The Winter Queen
By Boris Akunin
English Translation by Andrew Bromfield
ISIS Large Print, (2005)
Genre: Mystery, Russian Fiction
Reviewed by Auggie Moore - May 4, 2005
Grigory Chkhartishvili is a Russian writer who is widely known for his work as a Japanese translator. He also works under the penname of Boris Akunin, as a novelist. His mysteries, featuring the indomitable detective, Erast Fandorin, are the most widely read novels in Russia. After reading The Winter Queen, the first of Akunin's ten (to date) Fandorin mysteries, you'll understand why his works are so popular in Russian.
The Winter Queen is more akin to a modern thriller, rather than a run-of-the-mill Agatha Christie styled mystery. Set in the 1870's, this story introduces us to Fandorin and it allows us to follows him as he investigates the death of a wealthy student. At first, the case seems simple. The young man committed suicide, in public, case closed. Yet Fandorin is not one to accept the facts at face value. He wants to understand why the student killed himself, if indeed he did, and why was it done in such a public setting. The case takes him on a hair-raising adventure through Moscow, and across Europe all the way to London. In the process he becomes embroiled in an international conspiracy, he must battle against a host of evil villains, and most difficult of all, he must avoid falling prey to a beautiful woman.
Throughout, Akunin ably portrays a sense of what life was like in Russia in the 1870's. His take is almost satirical as he portrays the gulf that existed between the indolent aristocrats and the hard working, and often starving, Russian peasants. While not a central point of the story, the brewing revolutionary feelings that are beginning to take hold in Russia serves as added color to a novel that is already rich in both characterizations and atmosphere.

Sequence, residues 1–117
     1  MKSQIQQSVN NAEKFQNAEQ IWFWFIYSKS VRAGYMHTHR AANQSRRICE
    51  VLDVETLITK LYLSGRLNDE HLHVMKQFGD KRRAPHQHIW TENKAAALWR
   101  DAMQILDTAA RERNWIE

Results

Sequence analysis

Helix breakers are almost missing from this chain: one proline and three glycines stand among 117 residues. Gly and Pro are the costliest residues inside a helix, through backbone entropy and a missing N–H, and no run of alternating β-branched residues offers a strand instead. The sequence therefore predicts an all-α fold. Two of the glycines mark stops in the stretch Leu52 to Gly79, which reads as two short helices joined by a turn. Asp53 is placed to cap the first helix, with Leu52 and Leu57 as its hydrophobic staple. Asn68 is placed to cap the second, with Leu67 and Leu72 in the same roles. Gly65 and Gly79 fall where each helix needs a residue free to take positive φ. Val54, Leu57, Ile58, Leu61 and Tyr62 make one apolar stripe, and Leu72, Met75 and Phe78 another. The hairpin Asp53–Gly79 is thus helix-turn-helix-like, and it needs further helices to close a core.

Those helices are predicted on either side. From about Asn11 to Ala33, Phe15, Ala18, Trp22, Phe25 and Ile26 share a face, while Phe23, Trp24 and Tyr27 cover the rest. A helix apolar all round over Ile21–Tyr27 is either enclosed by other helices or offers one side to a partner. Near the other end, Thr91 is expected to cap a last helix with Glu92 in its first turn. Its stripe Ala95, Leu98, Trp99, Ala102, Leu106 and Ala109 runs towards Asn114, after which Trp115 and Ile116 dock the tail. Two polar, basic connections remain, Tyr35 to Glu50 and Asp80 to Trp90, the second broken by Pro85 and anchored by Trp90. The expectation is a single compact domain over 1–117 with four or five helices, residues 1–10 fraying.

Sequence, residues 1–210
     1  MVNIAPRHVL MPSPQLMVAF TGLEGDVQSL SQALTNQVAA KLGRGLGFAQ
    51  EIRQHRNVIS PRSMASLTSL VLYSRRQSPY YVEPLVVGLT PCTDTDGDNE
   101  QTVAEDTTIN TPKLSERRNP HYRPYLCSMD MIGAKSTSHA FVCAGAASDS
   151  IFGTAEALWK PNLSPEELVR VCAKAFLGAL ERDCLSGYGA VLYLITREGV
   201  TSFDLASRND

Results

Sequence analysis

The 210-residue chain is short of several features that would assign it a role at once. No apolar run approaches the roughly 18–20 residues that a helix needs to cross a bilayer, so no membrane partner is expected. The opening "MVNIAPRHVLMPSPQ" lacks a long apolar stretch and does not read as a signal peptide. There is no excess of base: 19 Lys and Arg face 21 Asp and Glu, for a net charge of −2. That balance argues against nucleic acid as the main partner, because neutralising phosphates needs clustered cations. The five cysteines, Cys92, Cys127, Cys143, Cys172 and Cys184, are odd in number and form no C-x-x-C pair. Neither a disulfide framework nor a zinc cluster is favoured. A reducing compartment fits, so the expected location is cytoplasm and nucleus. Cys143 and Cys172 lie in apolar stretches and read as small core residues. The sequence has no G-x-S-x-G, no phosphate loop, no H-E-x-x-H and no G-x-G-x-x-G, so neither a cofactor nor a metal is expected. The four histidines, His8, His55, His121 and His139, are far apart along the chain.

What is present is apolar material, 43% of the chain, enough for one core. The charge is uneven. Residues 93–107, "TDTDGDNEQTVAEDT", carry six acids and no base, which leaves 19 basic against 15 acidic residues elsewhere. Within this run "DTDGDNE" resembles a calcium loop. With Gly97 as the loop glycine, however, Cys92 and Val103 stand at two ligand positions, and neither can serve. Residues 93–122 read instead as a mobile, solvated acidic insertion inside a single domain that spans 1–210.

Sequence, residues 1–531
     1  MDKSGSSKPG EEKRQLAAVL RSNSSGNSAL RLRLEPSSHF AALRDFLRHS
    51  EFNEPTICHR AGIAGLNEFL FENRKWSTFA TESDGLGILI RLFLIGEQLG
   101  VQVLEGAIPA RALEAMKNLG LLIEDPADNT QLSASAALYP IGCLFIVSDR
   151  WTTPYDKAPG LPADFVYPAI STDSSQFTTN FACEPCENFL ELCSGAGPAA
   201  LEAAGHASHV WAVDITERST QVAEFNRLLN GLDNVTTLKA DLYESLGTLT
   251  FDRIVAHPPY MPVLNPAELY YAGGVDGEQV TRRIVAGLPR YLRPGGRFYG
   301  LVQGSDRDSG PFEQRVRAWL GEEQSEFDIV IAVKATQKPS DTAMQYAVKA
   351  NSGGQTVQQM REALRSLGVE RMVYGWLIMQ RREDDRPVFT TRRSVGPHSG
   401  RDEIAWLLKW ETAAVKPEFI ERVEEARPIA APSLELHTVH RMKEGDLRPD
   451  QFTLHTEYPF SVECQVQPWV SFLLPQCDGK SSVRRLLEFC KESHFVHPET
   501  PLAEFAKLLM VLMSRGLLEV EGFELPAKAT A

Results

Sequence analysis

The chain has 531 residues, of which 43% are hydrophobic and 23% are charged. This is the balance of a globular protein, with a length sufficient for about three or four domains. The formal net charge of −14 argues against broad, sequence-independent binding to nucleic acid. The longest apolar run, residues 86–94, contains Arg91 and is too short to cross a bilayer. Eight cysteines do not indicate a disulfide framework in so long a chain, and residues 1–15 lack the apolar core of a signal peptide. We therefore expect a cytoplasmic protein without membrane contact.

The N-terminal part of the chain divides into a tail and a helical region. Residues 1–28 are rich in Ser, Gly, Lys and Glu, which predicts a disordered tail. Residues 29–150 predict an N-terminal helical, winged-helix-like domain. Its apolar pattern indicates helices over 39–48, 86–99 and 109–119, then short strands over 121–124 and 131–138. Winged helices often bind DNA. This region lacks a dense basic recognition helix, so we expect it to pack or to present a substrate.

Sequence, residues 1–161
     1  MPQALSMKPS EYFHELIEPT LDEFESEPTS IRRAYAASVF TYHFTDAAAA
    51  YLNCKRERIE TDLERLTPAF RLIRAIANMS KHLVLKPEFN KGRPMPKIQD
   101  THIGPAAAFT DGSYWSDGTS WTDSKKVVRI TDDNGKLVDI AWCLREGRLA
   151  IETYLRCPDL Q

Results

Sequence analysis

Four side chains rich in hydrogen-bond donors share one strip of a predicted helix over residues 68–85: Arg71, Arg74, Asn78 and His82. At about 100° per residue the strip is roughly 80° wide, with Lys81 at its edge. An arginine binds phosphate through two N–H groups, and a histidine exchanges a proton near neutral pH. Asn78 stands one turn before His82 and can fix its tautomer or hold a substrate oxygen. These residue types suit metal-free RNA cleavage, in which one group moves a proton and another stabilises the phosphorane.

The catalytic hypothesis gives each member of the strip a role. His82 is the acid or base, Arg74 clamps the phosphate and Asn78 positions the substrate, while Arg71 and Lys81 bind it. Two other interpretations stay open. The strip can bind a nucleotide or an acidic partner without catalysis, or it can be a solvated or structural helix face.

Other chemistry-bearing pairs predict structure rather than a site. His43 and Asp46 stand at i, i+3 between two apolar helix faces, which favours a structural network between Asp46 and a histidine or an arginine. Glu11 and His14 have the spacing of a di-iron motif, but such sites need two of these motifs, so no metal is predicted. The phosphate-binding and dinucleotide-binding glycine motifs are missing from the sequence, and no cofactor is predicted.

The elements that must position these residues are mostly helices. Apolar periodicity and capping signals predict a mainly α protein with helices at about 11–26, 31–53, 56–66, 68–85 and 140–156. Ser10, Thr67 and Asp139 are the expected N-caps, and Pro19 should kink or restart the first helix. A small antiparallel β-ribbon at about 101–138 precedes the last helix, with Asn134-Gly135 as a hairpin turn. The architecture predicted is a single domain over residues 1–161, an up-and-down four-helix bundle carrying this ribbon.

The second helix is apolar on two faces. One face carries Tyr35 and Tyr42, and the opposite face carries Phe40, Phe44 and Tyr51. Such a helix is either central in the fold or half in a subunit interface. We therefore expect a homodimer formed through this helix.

Atmosphere and historical accuracy aside, this is a smashing G. K. Chesterton styled mystery. The tale is complex, with lots of false leads to throw the reader off the trail. Fandorin is a wonderfully engaging detective, sort of a merging of Columbo and Miss Marple - a bit bumbling, often seen as ineffectual due to his appearance and attitude, but always on his toes. He is sharp witted, observant, and tenacious. Despite being a fairly new member of the Moscow Police Force, he is willing to take risks, if he thinks that it will help him solve a case.
The Winter Queen was translated into English by Andrew Bromfield and he expertly captured Akunin's narrative style and sense of adventure. This is a masterful story on all counts, and delightful to read! To date, two more Erast Fandorin have been issued in English translation, and are available in large print. They are the Turkish Gambit, the second book in the series, and the Murder on the Leviathan, the third book in the series.
The Winter Queen can be purchased directly from Ulverscroft, the parent company of ISIS Large Print.
Murder on the Leviathan, by Boris Akunin.
A murder mystery, ala Agatha Christie, in which two detectives, the French Gustav Gauche and the Russian Erast Fandorin, must discern which of the 142 first class passengers on the Leviathan is a diabolical killer.
Turkish Gambit, by Boris Akunin.
On the front lines during the Russo-Turkish war, a reluctant Detective Fandorin finds himself hunting for a spy in this, the second installment in the Erast Fandorin series.
Special Assignments, by Boris Akunin.
Containing two interrelated historical novels. This story finds the Russian Detective Erast Fandorin pitted against two formidable foes: Jack of Spades a whimsical swindler and The Decorator a serial killer who makes Jack the Ripper look tame.